Saying "thank you" can go a long way when it comes to maintaining a healthy relationship.
In her book, , released last summer, journalist Janice Kaplan sets out to express more gratitude in all aspects of her life during a yearlong experiment, ultimately transforming her work life, family life, health and marriage.
According to Business Insider, before writing the book, Kaplan helped conduct a survey about Americans' gratitude habits. The results? While 97 percent of respondents said they regularly thanked servers (yay, manners still exist!), only 48 percent of women responded that they regularly thanked their husbands.
Of course, the conclusion isn't that women who don't regularly say "thank you" to their partners are bad people, but rather that the longer we're in a relationship, the more likely we are to take our partner for granted. ""When you're in a relationship, particularly for a long time, you kind of stop noticing somebody. Psychologists call it habituation," Kaplan told Business Insider. "You get used to somebody. You stop realizing why you wanted to be there in the first place."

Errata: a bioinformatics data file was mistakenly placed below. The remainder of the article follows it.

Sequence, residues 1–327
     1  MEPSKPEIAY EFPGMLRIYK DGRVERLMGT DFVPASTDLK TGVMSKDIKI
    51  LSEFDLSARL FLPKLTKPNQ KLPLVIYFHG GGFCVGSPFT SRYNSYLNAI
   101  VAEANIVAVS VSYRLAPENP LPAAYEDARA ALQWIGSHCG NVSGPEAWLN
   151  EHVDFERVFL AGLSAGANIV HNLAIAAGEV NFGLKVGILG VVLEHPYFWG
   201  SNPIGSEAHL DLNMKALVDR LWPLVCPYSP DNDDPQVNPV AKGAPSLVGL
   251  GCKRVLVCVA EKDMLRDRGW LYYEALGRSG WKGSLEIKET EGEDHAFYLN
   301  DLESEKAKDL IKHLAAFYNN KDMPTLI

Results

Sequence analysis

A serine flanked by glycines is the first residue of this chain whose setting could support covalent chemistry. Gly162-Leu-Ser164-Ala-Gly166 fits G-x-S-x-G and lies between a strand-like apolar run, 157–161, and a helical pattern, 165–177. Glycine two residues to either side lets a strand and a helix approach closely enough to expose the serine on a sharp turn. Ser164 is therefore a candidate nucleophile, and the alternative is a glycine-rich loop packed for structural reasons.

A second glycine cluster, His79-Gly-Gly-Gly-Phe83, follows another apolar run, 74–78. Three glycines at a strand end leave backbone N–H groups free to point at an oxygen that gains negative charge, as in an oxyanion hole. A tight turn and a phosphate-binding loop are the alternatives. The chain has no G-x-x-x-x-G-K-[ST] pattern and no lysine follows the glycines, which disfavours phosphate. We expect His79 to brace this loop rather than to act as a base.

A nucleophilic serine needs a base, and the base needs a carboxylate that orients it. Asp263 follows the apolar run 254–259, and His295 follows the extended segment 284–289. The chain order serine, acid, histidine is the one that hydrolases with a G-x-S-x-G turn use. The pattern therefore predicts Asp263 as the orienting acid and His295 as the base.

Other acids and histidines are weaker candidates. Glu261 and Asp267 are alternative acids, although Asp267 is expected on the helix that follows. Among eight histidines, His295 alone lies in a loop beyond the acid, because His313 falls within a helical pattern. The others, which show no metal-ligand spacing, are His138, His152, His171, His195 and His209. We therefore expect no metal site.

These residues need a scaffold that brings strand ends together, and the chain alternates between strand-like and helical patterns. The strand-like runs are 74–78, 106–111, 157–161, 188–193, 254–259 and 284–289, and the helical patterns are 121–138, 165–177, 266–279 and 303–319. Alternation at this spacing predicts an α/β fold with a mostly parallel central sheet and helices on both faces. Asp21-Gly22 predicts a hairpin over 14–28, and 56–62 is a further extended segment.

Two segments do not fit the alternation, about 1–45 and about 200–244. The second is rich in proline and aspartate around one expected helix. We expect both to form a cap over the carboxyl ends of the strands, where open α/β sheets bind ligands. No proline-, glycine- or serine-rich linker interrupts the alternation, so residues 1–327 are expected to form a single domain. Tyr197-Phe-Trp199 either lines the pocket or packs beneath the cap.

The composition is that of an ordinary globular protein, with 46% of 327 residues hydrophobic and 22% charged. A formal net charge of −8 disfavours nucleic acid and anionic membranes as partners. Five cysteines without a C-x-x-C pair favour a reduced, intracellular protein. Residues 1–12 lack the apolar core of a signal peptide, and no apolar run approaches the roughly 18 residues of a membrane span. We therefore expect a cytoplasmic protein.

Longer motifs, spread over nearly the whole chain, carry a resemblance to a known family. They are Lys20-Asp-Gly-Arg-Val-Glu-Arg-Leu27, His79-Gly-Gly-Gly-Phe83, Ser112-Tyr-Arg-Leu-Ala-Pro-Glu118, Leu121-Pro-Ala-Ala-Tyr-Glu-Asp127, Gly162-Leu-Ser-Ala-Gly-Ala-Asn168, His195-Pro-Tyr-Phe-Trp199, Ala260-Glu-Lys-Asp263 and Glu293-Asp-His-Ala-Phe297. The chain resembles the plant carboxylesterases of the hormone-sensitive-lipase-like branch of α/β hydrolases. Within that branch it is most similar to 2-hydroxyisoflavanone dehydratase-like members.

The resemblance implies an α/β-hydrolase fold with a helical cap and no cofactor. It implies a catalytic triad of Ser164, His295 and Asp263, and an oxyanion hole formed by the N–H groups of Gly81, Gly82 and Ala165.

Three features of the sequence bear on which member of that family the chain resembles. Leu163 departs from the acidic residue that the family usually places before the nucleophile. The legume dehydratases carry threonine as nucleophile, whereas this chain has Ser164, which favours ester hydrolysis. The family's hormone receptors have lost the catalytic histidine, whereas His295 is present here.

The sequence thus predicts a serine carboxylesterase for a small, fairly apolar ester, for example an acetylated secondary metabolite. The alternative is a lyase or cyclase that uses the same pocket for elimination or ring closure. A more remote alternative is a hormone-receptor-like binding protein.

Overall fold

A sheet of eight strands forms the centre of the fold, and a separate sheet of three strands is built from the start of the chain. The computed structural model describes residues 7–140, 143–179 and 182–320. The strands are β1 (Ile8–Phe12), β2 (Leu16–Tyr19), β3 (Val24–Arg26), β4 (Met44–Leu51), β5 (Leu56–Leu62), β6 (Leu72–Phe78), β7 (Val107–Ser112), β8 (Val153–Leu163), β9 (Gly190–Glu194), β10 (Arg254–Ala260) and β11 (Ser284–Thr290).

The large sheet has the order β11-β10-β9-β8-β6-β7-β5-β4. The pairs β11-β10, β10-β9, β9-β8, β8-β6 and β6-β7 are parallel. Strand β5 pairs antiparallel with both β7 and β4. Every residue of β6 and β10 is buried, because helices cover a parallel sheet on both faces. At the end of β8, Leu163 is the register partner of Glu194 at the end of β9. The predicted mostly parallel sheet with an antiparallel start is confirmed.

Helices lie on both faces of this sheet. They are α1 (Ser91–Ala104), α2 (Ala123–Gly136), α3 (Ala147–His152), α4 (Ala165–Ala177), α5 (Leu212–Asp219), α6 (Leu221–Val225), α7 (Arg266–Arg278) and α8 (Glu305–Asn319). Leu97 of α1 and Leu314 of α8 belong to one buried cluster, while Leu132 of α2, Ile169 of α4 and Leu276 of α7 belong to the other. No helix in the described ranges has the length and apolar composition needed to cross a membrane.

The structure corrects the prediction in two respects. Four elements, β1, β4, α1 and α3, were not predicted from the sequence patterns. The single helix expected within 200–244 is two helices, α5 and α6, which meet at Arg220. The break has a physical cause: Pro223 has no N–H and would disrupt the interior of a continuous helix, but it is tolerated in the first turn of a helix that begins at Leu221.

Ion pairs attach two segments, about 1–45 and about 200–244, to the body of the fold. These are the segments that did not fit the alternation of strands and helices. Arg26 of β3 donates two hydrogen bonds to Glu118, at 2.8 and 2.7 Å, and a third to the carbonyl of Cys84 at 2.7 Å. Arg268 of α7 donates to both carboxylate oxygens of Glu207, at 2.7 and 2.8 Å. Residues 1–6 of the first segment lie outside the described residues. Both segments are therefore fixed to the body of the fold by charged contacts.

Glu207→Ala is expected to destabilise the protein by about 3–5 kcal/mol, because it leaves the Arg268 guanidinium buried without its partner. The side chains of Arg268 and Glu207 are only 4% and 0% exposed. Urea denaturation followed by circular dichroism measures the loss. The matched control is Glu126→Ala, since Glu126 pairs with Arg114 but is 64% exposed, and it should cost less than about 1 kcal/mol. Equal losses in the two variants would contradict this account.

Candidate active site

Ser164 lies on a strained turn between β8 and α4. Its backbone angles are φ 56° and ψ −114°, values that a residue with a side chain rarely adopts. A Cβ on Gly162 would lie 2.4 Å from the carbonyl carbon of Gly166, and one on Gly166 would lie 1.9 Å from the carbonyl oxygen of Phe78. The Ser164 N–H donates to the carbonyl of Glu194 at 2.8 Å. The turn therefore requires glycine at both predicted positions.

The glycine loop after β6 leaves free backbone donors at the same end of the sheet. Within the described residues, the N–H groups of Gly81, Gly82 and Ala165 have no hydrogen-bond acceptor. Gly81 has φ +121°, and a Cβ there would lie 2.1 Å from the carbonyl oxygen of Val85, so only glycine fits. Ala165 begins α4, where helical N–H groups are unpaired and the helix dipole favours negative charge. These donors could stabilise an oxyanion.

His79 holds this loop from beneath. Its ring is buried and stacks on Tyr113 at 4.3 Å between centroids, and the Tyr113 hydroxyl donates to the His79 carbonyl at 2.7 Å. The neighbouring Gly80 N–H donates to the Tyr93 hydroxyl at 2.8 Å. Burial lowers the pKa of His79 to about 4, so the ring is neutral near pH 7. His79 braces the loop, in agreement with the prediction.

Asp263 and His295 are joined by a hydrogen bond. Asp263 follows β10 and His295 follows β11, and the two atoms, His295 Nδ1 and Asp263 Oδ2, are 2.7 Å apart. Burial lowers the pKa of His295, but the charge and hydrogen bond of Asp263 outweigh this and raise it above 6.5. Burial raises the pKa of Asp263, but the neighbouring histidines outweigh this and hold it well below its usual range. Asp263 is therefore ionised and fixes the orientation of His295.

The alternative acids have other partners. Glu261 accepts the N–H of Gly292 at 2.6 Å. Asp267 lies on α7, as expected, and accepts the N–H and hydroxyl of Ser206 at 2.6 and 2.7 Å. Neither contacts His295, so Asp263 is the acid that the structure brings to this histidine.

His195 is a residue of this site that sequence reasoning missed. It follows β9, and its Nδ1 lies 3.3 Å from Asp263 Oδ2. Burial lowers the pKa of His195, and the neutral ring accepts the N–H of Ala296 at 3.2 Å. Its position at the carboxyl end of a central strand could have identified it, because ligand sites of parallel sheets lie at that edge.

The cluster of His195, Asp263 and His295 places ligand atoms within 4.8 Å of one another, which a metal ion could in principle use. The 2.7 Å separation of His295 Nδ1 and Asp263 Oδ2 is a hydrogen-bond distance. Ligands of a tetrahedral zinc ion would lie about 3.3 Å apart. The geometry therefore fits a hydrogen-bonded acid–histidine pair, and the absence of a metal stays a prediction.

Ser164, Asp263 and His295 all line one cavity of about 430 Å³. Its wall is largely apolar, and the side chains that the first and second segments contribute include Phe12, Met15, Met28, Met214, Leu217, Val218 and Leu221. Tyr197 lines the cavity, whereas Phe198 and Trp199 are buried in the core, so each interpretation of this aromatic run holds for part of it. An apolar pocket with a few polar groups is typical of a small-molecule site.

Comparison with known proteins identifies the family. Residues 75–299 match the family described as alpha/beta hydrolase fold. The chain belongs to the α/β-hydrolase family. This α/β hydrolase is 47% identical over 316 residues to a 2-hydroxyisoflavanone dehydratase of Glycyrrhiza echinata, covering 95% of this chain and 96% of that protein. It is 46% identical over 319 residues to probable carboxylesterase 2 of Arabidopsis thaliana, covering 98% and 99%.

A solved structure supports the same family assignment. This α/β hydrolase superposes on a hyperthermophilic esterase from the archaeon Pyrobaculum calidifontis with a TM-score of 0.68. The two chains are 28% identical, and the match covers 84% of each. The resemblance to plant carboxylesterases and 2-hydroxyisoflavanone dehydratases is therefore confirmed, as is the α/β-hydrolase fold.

Of course, it's not totally shocking that showing just a little bit of can have a big effect. has shown that people who feel grateful for interactions with their significant others have a in the relationships, while that the more , the more likely they are to stay together over time.
So, the next time your significant other does something you appreciate, even if it's a mundane, everyday task like carrying the dishes to the sink, say thank you. It definitely can't hurt to making showing some appreciation a habit.